By Ed Sum (The Vintage Tempest)
Directed by Ari Folman
Screenplay by Ari Folman
A dystopian future is firmly presented in the movie, The Congress and not everyone, including audiences, will realize it. Here, it weaves both satire and science fiction into one superlative Alice in Wonderland style narrative with elements of Yellow Submarine, Cool World and The Matrix weaved in. Maybe on a second viewing, audiences can fully appreciate this film for what it is.
For most of the first act, this movie superbly pokes fun at the Hollywood system about how it treats its own people. From its producers, stars and cinematographers, they are nothing but cogs in a wheel. Back in the Golden and Silver Age of filmmaking, these products were being developed in a formulaic manner. But in the early days when cinema was fresh out of the womb, filmmakers were allowed to express themselves because the rules were not established. But when the business of making a film became more prominent, it had to follow a system.
Viewers are following the life and times of Robin Wright (The Princess Bride, The Girl with the Dragon Tattoo) a struggling actress who refuses to sell herself to the studio system at the start of the movie. But to help treat her son Aaron (Kodi Smit-McPhee) from a rare disease that will rob him of his senses, she has to change her mind. If her resistance can be likened to moments from film history, Charlie Chaplin would say classic cinema is dying (all over again). He loved the silent films, but when the talkies emerged, his argument was: who really wants to hear The Tramp speak?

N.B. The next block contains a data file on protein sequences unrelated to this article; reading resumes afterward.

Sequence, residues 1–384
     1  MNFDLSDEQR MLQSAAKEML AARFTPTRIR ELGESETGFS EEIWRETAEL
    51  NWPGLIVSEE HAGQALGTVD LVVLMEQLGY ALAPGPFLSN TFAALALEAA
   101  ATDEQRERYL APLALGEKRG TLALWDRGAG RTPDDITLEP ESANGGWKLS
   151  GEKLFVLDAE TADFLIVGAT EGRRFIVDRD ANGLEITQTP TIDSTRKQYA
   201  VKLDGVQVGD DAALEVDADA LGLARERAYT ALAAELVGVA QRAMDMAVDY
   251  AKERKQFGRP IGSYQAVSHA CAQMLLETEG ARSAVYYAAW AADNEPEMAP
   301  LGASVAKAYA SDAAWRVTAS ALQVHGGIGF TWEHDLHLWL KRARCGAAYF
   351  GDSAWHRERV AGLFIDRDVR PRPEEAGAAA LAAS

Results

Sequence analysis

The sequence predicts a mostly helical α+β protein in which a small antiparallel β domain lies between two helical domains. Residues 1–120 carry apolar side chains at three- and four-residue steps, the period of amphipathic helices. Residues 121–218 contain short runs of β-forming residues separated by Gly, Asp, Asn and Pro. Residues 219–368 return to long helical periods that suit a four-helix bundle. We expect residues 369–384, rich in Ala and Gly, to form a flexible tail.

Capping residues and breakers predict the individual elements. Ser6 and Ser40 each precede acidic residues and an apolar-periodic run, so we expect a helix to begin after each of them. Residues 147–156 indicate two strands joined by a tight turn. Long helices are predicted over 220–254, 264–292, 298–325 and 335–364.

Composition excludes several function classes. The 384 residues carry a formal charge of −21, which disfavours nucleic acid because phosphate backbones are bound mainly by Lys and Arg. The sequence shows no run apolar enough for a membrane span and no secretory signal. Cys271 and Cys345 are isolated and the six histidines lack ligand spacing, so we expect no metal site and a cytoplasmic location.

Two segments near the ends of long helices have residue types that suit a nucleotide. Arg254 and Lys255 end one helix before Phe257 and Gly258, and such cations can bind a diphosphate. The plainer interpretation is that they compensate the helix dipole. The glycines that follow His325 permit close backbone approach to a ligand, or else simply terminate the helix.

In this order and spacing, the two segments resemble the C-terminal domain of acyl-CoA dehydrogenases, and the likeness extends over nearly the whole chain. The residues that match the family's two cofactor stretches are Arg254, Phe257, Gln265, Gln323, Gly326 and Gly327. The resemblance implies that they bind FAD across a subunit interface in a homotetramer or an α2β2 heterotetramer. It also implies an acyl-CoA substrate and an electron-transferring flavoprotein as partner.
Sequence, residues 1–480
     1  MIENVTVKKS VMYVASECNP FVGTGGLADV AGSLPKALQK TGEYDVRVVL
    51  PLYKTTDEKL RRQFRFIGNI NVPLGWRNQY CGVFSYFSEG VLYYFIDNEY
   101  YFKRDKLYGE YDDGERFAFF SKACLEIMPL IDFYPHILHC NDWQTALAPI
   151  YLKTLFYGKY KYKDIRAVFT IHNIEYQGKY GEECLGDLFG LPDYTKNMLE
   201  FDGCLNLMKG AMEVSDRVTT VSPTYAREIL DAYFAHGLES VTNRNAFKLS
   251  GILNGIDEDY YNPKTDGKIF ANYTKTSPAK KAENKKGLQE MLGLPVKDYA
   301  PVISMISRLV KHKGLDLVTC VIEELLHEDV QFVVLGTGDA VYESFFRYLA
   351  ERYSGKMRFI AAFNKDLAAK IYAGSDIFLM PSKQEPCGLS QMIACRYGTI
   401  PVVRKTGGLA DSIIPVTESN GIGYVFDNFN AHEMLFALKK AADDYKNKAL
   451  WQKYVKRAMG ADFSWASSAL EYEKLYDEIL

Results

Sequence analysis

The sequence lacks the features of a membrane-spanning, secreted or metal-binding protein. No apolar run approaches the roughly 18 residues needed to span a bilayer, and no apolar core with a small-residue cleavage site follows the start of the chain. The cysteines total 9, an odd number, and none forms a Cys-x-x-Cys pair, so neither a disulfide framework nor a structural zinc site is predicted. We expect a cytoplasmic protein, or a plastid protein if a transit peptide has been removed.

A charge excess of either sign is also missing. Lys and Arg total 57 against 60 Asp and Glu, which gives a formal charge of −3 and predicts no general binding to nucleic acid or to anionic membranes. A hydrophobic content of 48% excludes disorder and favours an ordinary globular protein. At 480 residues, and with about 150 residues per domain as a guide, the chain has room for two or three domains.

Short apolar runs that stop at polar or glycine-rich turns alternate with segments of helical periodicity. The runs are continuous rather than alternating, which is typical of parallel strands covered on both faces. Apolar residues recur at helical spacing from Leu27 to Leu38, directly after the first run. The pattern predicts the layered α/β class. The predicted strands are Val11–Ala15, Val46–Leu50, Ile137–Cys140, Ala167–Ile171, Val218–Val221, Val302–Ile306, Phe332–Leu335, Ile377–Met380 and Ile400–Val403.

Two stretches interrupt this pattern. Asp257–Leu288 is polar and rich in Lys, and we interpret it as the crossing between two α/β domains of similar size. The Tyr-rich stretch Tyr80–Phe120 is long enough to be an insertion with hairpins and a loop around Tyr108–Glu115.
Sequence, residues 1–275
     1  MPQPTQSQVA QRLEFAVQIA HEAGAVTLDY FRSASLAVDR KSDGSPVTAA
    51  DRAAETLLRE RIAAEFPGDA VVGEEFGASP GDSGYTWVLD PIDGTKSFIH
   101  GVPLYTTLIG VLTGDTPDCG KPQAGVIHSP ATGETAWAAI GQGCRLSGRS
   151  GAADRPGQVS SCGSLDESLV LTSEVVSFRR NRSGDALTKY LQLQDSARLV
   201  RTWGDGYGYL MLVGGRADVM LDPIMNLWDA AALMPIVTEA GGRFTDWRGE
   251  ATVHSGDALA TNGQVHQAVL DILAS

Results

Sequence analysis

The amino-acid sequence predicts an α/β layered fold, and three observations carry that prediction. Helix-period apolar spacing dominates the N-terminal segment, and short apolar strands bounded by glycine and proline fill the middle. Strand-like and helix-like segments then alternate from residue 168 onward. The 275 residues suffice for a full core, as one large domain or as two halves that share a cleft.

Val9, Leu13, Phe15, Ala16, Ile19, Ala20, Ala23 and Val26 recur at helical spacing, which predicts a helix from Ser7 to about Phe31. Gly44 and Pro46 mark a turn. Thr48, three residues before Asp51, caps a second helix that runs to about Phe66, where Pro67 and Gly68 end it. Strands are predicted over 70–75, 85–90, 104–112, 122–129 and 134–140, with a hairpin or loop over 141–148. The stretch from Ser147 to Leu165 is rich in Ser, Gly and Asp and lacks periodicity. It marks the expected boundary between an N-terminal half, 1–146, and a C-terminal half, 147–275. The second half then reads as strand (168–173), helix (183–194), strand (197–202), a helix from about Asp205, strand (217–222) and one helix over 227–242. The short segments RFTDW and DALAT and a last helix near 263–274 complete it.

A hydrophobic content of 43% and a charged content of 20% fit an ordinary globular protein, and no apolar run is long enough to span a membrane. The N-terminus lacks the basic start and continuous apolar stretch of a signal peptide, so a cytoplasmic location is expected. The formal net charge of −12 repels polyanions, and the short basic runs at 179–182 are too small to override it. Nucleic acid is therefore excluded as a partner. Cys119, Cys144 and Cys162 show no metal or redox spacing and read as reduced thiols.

Flash forward to today and what this movie so nicely hammered forth, James Cameron will have fits. What he hopes to do with creating computer avatars is exactly what this movie is criticizing. Here, much of the first act hits hard in how bad cinema can get once the virtual likenesses take over. It will put many people behind the camera and in front of the scenes out of work. Cameron hopes to use that technology when it advances far enough for Battle Angel — if it ever gets made. But what would the next step be once that level of computer rendering gets mixed with reality? Google’s Earwear product in creating augmented reality may well be the new wave. It has the potential to alter reality in ways that LSD can not.
With The Congress, reality can be changed by the simple sniff of a drug. Freedom is challenged when Miramount Studios — a parody of Miramax and Paramount — invites Wright to their new headquarters to renew her contract and what happens next is a look through the mirror darkly. This movie changes pace from its satire to become a personal journey for Wright. She hated the fact she sold her likeness away. The new story that emerges from this midst and the way it gets included seems confusing when it is introduced mid-way in its lengthy animated segment.
This film is challenging to understand because in one moment, the story is all about the loss of freedom for Robin Wright and her children. Suddenly, there’s this story about a resistance movement, and without an explanation, just what viewers are watching is much like a William Gibson product. This elliptical tale can be understood after a second or third watch, but when it is currently touring the film festival circuit, viewers better come prepared with a ticket to another screening.
Although this movie is beautiful to behold with its colourful geometry and wonderful acting by Danny Huston playing a tired studio executive, the complexity of the narrative is psychotic at best. When this movie is loosely based off the book, The Futurological Congress by Stanisław Lem, not every detail was translated into the film.
Fortunately, a proper North American theatrical and VOD release is being planned for 2014 by Drafthouse Films. Let’s hope a video release, along with a director’s commentary, will be quickly forthcoming.
3½ Stars out of 5